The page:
At the end of the 19th century, Alderman Sidney Story set aside a district within New Orleans where prostitution was not illegal. Consequently, a city within the city was created, with Basin Street being the dividing street between the French Quarter and what became known as “Storyville.” It lasted some twnty years, until 1917. By the 1930’s, when jazz musicians had popularized much of Storyville’s history, tourists were coming to town looking for Basin Street. The interest in New Orleans’s tenderloin only served to embarrass the Chamber of Commerce. They re-zoned the district, wiping out Basin Street, literally — they removed the street signs. After World War II, when tourists returned — especially tourists from Japan — they sought out Basin Street and were disappointed not to find it. Eventually the city put the signs back up, but by this time Storyville’s cribs and mansions had become a housing development and there wasn’t much to see except the signs. None of it was preserved.

At best, jazz is tangentially related to Storyville because musicians played in some of the area saloons, but there were plenty of other places in the uptown area and in the quarter, as well as parks in the city and along Lake Ponchartrain — picnics, funerals and other parades, on advertising wagons, and so forth. The closing of Storyville didn’t greatly affect jazz, but it appeared to because it coincided with the Great Migration, spurred by the desire of African Americans to escape Jim Crow laws, which were accompanied by increased lynchings and shootings, as well as new opportunities in the industrial centers of the North. The Chicago Defender and various black leaders campaigned to relocate much of the black South to the North. The most gifted musicians were part of the migration. Yet instead of celebrating New Orleans as the cradle of jazz, the Chamber of Commerce tried to ignore it. It wasn’t until the early 1960’s, when a white guy opened up the miniscule Preservation Hall, that tourists had an inexpensive place to stand, in an un-air-conditioned room, and hear New Orleans musicians play music characteristic of the city. These were not nationally known musicians, although some, like George Lewis, had become quite famous. For the most part, they were local guys who never left. As they began to die out, two well-known white locals, Al Hirt and Pete Fountain, started successful nightclubs that became popular with tourists. Their clubs were on the other side of Canal Street, in the wealthier district. By the 1970’s and 1980’s, jazz was disappearing from the Quarter, replaced by rhythm and blues in the tradition of Professor Longhair. By the time of Katrina, there wasn’t much jazz in the Quarter. You might catch a street band in the afternoon, but rhythm and blues was most prominent. The music clubs that hired jazz musicians were on the other side of Canal, in a less touristy district, and because the musicians were hired for one night per week, it was harder for them to establish a firm jazz presence. Obviously, if the city had created, say, in the affluent 1950’s, a jazz version of the Opry it would have established jazz as a magnet for visitors and brought millions of dollars into city coffers. Instead they bulldozed Louis Armstrong’s street and home, replacing it with a parking lot.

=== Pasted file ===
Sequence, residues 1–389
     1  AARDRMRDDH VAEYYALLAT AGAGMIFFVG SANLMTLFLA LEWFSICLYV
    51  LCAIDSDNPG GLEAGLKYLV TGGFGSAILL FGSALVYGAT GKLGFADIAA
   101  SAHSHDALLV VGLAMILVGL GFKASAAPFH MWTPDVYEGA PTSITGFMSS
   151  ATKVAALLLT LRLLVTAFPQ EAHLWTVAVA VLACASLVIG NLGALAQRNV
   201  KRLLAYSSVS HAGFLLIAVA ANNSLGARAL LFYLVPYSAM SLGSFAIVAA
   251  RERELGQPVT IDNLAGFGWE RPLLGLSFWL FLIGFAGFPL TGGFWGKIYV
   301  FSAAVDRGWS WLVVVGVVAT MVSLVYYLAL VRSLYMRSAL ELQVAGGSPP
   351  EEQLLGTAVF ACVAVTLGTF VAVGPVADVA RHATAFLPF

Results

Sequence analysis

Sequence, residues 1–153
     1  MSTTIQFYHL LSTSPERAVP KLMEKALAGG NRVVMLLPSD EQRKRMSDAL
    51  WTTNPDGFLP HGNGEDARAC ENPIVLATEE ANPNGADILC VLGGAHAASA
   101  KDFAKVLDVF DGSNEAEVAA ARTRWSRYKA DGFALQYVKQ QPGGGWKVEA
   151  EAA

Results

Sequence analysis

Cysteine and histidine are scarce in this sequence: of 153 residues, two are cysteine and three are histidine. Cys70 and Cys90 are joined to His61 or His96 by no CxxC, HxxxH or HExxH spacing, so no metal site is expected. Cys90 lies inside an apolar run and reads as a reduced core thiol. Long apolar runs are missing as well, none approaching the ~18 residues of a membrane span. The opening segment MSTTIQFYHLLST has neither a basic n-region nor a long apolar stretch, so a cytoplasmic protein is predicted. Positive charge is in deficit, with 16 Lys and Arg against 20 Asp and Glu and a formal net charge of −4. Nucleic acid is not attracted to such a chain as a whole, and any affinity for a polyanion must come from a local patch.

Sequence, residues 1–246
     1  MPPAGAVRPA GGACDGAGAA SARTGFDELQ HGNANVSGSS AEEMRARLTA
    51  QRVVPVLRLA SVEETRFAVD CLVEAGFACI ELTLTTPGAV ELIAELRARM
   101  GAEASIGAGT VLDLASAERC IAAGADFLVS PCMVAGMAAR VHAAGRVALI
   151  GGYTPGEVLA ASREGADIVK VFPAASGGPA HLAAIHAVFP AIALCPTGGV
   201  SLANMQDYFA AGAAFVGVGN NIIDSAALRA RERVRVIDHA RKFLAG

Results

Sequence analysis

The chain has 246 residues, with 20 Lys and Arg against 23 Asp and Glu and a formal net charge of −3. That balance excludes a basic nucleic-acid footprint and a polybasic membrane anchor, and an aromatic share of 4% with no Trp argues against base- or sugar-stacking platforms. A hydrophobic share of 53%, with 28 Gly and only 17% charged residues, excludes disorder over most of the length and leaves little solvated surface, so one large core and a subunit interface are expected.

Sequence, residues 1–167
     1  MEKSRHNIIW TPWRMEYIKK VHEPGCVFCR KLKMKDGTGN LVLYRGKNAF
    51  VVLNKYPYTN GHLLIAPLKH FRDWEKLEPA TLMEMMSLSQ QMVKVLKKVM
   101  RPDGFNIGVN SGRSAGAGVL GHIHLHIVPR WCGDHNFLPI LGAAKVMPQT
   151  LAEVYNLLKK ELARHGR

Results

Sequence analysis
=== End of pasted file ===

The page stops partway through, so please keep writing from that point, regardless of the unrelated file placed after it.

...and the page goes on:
It is important to remember that New Orleans was the most sophisticated southern city of the 19th century. When Atlanta was a train depot, New Orleans was a striving metropolis with an opera house. It was richly cultural — a place where you could participate in a very comprehensive kind of cultural life. Nashville, on the other hand, wasn’t even a depot — it was just a one-horse town. But by building the Opry and creating an environment that celebrated country music, it encouraged performers to build estates there and invest in businesses. Consequently, Nashville has become a significant destination for the better part of fifty or sixty years. The fact that they could do that in Nashville for country music and not in New Orleans for jazz is an example of racism coming home to roost at a huge civic cost.

JJM While surfing the web recently in anticipation of our conversation, I found a terrific web site produced by the New Orleans Jazz National Historic Park. The site publishes the walking tour maps handed out to park visitors, and on the bottom of many of them — in bold type so it can’t be missed — a message reads, “We encourage you to use good judgment and common sense in taking this tour as it is in an urban area,” which is obvious code communicating that there are likely to be African Americans around. I think this message is an example of what you are talking about, and while they may wish to promote the music in some way, they can’t seem to do so without also warning people about the hazards of being a fan of jazz.

GG There is that, and also the crime component. I remember going down to Louis Armstrong Park a couple of times and one of the first things people tell you is don’t go there because it is so dangerous. It’s not that bad now, or at least it wasn’t a couple of years ago — the last time I was there, in 2004.

JJM I think you get that in many cities in the South. I once traveled through Memphis in the late 1970’s, and couldn’t find anyplace to hear music in the downtown area on a Monday night. The only place I could even find open was the fire station. My buddy and I asked a fireman where we could hear music downtown and was told not to go there because only “niggers” were downtown this time of night, and that no clubs were open. He sent us to a Ramada Inn in the suburbs, where a white guy in a paisley shirt played Billy Joel tunes on an organ. This was clearly an example of whites “protecting” other whites from black culture.